The beauty of alternative assessments is that they allow students to be creative in demonstrating their understanding of a subject and to explore modes of communication other than the standard essay or research project. For School Train I liked how basic the expectation was: show an understanding of metaphor. Having simple, straightforward, open-ended expectations like this helps create an environment conducive to creativity and self expression. It also puts the impetus on the student to do their utmost to demonstrate that they really do understand. The question then becomes: did they convince me?

In School Train the students use numerous juxtapositions and direct statements to compare school to a train. For example:

  • cars are classrooms
  • tickets / homework
  • students / passengers
  • dining car / cafeteria
To me these statements clearly show that the students understand the metaphor they've created; namely, that school is a train ride. Therefore in the area of content I would give the students an "A". In grading a creative endeavor such as this I think it is also important to take effort and creativity into consideration. The students obviously put a fair amount of thought into the ways in which school mimics a train as well as significant effort in putting the whole thing together. The use of train-like sounds and classroom visuals to tie everything together shows great understanding as well as the creative use of media. I'd give them "A"s for effort and creativity as well.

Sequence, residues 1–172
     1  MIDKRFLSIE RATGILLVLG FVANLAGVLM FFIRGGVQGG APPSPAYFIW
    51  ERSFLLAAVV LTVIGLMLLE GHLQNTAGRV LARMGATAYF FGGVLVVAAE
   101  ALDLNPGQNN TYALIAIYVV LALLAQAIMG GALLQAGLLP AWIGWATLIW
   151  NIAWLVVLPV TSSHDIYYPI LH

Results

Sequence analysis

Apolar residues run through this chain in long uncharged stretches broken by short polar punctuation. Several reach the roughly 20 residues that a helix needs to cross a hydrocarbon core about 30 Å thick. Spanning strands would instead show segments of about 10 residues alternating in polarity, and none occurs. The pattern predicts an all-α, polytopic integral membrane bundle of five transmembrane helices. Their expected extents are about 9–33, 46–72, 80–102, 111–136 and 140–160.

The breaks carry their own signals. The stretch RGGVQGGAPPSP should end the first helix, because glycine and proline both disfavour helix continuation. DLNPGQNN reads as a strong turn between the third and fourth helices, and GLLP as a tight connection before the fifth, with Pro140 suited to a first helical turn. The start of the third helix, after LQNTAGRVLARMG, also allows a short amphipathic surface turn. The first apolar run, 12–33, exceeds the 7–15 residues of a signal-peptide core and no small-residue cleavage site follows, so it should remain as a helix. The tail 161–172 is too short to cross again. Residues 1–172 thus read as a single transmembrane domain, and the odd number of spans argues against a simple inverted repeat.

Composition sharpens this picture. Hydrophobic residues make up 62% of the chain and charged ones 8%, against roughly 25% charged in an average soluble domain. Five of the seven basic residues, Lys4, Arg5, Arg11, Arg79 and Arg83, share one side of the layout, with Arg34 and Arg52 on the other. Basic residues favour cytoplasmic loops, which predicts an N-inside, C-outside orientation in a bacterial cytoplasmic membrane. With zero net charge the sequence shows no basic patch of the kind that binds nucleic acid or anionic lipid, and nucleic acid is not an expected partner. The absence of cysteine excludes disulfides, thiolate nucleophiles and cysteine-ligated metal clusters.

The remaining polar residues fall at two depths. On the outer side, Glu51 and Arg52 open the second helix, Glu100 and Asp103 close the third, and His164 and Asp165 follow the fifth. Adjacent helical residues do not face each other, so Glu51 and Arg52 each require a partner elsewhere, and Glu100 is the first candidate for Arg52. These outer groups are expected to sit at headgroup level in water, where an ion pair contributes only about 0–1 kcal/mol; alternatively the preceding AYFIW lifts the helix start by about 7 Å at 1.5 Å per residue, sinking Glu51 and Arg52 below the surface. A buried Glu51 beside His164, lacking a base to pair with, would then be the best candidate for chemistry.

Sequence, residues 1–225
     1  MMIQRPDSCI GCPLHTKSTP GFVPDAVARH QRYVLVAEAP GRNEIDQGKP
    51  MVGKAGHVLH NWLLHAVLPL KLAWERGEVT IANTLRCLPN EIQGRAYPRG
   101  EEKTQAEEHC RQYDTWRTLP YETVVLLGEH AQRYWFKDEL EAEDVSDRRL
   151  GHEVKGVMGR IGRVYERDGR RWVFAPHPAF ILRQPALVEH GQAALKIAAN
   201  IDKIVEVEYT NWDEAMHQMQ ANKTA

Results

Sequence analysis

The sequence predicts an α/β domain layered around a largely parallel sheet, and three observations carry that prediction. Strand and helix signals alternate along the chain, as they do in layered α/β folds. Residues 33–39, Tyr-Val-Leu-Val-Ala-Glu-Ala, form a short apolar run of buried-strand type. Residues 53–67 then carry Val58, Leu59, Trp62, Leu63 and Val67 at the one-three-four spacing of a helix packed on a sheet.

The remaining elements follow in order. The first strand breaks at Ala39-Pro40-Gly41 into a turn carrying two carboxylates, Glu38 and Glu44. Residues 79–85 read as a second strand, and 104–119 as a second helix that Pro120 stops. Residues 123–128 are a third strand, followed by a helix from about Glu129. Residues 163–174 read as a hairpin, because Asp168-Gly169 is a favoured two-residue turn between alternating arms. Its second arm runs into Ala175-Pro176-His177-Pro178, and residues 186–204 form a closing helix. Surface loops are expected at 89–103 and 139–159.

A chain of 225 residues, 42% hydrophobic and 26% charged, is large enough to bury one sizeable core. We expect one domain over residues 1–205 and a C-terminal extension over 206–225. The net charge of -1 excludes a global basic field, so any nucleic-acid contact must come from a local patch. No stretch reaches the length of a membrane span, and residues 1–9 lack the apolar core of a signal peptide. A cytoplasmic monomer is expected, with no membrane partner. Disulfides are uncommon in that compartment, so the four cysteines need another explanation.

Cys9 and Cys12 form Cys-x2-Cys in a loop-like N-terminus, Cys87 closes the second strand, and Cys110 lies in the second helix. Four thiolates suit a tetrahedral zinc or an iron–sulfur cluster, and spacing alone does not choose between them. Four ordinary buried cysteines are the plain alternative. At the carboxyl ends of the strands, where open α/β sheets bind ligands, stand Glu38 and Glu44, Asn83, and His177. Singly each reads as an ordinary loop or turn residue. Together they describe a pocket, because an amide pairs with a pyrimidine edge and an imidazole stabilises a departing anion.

Fox Becomes a Better Person is slightly different. We have no prior understanding of what the expectations are but, for the sake of grading, I'm going to say that the assignment was to synthesize traditional Native and digital storytelling by:

  • telling a story
  • effective use of technology
  • using relevant visual aids
  • incorporating Native values
In regards to telling a story, the student does a fairly good job in relating the story of Fox. She speaks from memory and acts out pieces of the story to help relate what is going on. She's engaging and easy to understand. Her use of background visuals helps set the scene and gives the story a more personal feeling. Although simple, her use of technology works well. Live action over hand drawn pictures combines high and low-tech and her use of music helps introduce and bring closure to the story. She directly addresses the Native value of "speak with care" and her story indirectly portrays several more. Based on these requirements, I would give her an "A".


b. What impacts could the developments portrayed in Epic2015 have on your classroom, particularly with respect to things like podcasts?

I was thoroughly impressed by Epic2015. The synthesis of history and prophecy is eerily plausible. The confluence of information technologies, advertising, consumerism, and digital networking portrayed in Epic2015 frightens me because it so closely resembles what we're seeing already. Social networking sites like Facebook and Myspace have already achieved enormous popularity and technologies like cookies have been mapping user preferences for years. In the classroom and society in general, people are becoming more involved in their digital worlds, even as in many instances they withdraw from the world at large. Some of the larger points that Epic2015 drove home were: